Rodriguez’s brother sold the dry cleaner to Peter Ehrlich, a real-estate investor. He said he has continued to manage the shop since that point and does not know if there are plans to sell it in the future. 

Some business owners in the area see a brighter side to the changes. Claude Postel, the owner of restaurant Sixty 10, also on Northeast 2nd Avenue, has owned the property since 2011 but decided to build the restaurant only five months ago.

“Seven years ago it was good to buy it, and now it’s good to do something with it,” said Postel. “So I’m very happy to see everything is moving this way and not south.”

Postel first visited the area 20 years ago when he arrived from Canada. He also said he personally knows some of the developers behind the project, such as Guy Laliberte, who is the founder of Cirque du Soleil.

“For some who have little or don’t have too much money, for them it’s rough because the prices, everything goes up and they can’t afford to stay here,” said Postel. “But this is not about the Haitian community because that’s the way a city grows, unfortunately.”

Activists believe residents will not be able to afford rising rents due to the price value of property going up, and continue to demand that developers have some sort of affordable housing plan available for those who have resided in the area for years.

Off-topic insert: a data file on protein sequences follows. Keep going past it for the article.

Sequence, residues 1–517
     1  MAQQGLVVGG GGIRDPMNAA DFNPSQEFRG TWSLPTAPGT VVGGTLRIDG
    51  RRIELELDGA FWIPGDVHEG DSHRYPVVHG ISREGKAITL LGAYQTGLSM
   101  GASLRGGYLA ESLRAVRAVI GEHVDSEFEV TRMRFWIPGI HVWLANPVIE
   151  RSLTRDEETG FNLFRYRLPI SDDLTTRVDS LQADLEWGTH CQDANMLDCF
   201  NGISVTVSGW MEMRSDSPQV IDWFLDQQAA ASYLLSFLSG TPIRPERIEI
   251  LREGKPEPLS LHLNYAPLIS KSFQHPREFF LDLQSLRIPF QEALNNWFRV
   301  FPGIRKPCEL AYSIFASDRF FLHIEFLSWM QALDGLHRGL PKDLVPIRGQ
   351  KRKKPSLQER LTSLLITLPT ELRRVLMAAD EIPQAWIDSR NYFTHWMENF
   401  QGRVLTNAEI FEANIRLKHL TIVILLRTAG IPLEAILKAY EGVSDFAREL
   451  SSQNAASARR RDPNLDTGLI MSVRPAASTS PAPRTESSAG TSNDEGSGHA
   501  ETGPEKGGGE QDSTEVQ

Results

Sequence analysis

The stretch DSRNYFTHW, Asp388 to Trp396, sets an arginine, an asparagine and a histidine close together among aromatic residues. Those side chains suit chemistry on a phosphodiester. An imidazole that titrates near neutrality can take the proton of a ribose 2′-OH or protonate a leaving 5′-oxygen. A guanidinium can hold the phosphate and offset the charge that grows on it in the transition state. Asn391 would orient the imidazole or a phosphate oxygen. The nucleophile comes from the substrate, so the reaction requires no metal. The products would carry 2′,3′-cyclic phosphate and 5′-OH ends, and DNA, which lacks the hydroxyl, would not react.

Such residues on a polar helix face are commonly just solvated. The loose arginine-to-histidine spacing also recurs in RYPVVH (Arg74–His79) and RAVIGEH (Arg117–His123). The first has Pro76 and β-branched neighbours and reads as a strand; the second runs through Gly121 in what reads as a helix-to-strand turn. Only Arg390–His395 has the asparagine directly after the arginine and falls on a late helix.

“All of us want movie theaters, all of us want bars, all of us want places to be able to lay and play,” said Phillip Agnew, co-director of The Dream Defenders and a resident of Little Haiti. “But we are against developers. We are against displacement that says that when nice things come, the people who have risen, who have been in this community, do not deserve to have them.”

Junior Pierre is an employee at Sonny Sounds, next to the Little Haiti Cultural Complex, a music shop and a money transfer store where locals from Haiti send money back to their hometown to family members. He said he believes he is a victim of gentrification in the area.

“I used to go to a church on 71st, and we were planning to buy it, but those investors came and they offered almost three times the amount of the money, and so we had to leave to a church on 77th,” said Pierre. “It is what it is, they got the money and they make the investment. So, money is power.”

Others involved in the project include Neil Fairman, chairman of Plaza Equity Partners, Tony Cho, founder and CEO of Metro 1, and Bob Zangrillo, founder and CEO of  Dragon Global. 

The Magic City Innovation District runs east of Northeast Second Avenue to Northeast Fourth Court and south of Northeast 63rd Street to Northeast 60th Street. The proposed development will include over 2,000 residential units, approximately 400 hotel rooms, 6,000 garage parking spaces, and over 2 million square feet of office and retail space. 

Pierre believes that the project is not a bad thing for the community, but said developers must offer something helpful to the community. He said not all residents will qualify for jobs that the art spaces and tech companies expected to come into the area.

“If they can find a middle ground, or if they can at least give them something, I think it will be a good thing for them,” said Pierre. “Other than that, there is nothing we can do, just watch the thing happen and then look at the situation.”